During a Formula 1 season, dozens of elements that influence the performance of single-seaters and drivers are part of the discussions and gatherings of engineers, professionals, and fans. Settings, tires, chassis, engine, wings, aerodynamics… Fundamental aspects that serve to explain and understand how everything works, but that can be reduced and simplified to a harsh reality: points rule, points define the champion driver and team world.
However, The Formula 1 World Cup scoring system has changed over the years until establishing the current one in 2009and the most clueless could be surprised by the huge amount of points to distribute throughout the 23 races that make up the 2023 championship, not counting sprint races or fastest laps. For this reason, it is essential to ask yourself a question: How does the Formula 1 scoring system work?
Points in the race: winner’s merit award
The fundamental are sunday races. It is where everything is decided, where the most points can be added by the pilots, and where more pilots choose to get a point. The victory, logically, is worth more than any other position in the race (25 points)but it is also much more valuable because of the distance it establishes with respect to the score of the immediate pursuers.
Thus, from the first to the tenth classified, all receive the reward for their performance on the track, in the following order:
- 1st – 25 points
- 2nd – 18 points
- 3rd – 15 points
- 4th – 12 points
- 5th – 10 points
- 6th – 8 points
- 7th – 6 points
- 8th – 4 points
- 9th – 2 points
- 10th – 1 point
Fastest lap in the race: a point makes the difference
However, a good position in the race is not always the only option that drivers and teams enjoy to score points from anywhere. In a sport where a thousandth can make a difference, a single point can decide an entire World Cup. That is why they are more important than ever, for example, the fastest laps in the race, which since 2019 add an extra point to the driver who achieves it… if you are among the top ten ranked.
An importance that the pilots themselves give it, as can be seen in many races. When the driver has enough space to make a final pit stop towards the final laps of any Grand Prix, always without running the risk of losing positionnever hesitates to enter to mount a fresh and unused set of soft tires. Thus, it takes advantage of the optimal track conditions that usually emerge as more rubber and less heat accumulate on the asphalt to perform a spectacular lap that will ensure that extra point.
A common strategy, for example, in Sergio Pérez, Verstappen’s squire at Red Bull, to subtract those points from opponents from other teams without risking Max’s victories. Even so, the current champion is a bad example, because he tends to want to win everything, and invests the overwhelming superiority that his car usually shows in making that added stop to take all the possible points.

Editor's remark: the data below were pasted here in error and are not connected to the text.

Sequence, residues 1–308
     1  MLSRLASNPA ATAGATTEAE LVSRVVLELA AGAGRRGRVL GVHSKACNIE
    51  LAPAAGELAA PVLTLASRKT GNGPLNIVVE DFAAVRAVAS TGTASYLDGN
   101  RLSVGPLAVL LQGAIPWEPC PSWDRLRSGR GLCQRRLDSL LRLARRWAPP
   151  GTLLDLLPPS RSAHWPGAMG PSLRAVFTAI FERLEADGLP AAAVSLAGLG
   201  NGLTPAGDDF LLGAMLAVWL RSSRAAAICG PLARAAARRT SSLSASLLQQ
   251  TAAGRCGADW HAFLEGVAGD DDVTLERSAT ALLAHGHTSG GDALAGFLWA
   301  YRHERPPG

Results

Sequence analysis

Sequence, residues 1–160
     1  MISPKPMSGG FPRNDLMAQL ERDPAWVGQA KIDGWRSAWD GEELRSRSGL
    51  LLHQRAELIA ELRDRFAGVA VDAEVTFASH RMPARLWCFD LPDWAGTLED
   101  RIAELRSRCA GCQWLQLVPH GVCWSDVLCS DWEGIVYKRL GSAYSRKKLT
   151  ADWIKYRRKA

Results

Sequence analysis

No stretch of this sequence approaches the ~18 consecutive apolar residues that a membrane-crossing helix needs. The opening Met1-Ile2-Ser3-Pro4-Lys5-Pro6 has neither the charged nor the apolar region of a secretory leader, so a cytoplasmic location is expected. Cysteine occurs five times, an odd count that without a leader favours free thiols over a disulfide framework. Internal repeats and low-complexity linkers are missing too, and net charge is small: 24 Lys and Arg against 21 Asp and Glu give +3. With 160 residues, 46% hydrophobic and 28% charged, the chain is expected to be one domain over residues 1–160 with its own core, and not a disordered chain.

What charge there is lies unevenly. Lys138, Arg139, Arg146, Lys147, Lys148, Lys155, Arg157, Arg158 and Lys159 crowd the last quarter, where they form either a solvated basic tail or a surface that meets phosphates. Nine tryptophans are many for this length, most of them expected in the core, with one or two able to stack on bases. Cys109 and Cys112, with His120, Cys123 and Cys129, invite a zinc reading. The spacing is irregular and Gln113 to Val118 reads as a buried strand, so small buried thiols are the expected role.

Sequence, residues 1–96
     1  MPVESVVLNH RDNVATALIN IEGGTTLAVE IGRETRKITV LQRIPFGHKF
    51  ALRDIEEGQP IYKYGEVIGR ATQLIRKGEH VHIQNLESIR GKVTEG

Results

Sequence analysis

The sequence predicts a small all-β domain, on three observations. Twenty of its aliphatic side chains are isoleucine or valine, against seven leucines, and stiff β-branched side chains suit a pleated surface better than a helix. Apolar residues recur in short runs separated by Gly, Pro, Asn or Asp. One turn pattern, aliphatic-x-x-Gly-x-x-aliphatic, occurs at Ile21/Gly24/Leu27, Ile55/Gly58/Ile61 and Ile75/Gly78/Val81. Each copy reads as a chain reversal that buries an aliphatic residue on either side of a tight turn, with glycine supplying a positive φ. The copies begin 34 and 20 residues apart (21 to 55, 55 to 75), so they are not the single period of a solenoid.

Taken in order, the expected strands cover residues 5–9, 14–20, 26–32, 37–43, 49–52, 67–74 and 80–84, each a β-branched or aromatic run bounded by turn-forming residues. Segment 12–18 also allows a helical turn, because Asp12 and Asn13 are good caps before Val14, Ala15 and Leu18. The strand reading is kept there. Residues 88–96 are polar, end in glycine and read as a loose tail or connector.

An attitude, moreover, that has already allowed him to win a ‘grand chelem‘, the so-called perfect weekend: Victory, fastest race lap, leader in all Grand Prix laps, and ‘pole position’ on Saturday. To put it in context, Fernando Alonso has hardly achieved a ‘Grand Chelem’ in his entire career; Schumacher managed 5, Hamilton 6, and the record is held by Jim Clarke with 8.
The ‘lifeguard’ show of sprint racing
Although they are not really races to use, since they serve to define the ‘pole’ for the real race on Sunday, its gradual inclusion from 2021 until today has improved the show and has shaken up the usual dynamics of the pilots. The first two years were only three, but For this World Cup, the FIA has decided to include them in six Grand Prix: Azebaijan, Austria, Belgium, Qatar, United States (Austin) and Brazil.
Even so, its importance since last year is much greater, and transcends the already essential first place on the grid. At its premiere in 2021, only the podium from the sprint classification added points (3,2,1)but both last year and this year, the scoring system corresponds almost to the letter with the one that worked in the Sunday races between 2003 and 2009:
- 1st 8 points
- 2nd 7 points
- 3rd 6 points
- 4th 5 points
- 5th 4 points
- 6th 3 points
- 7th 2 points
- 8th 1 point
With this format, in addition, The classic classification is not lost, which is transferred to free training on Friday. Therefore, although in principle it favors the cars that rank best (which are usually also the usual leaders on Sundays), it also opens a window of opportunity for the less commonand increase the risk for leading teamsbecause a mistake leaves you out of action, without points on Saturday, and with a bad position on the grid on Sunday.
All this added to the spectacle offered by the pilots in a race reduced to a third of the laps of the test on Sunday, since the strongest try to be conservative, while the smartest attack from the beginning to surprise and win as many positions as possible. A system that encourages and rewards overtaking and courage, but also penalizes them if you make the slightest mistake.
Adding it all up (wins, fastest laps and sprint wins), this year a pilot could add at the end of the World Cup a whopping 646 points. A real outrage if we compare it to the points system of other times, and that does not allow realistic comparisons to be made in a hypothetical table of drivers with the most points in history. The points record, with the current mechanics, is held, of course, by the current champion Verstappen, with 454 points last season in 22 races.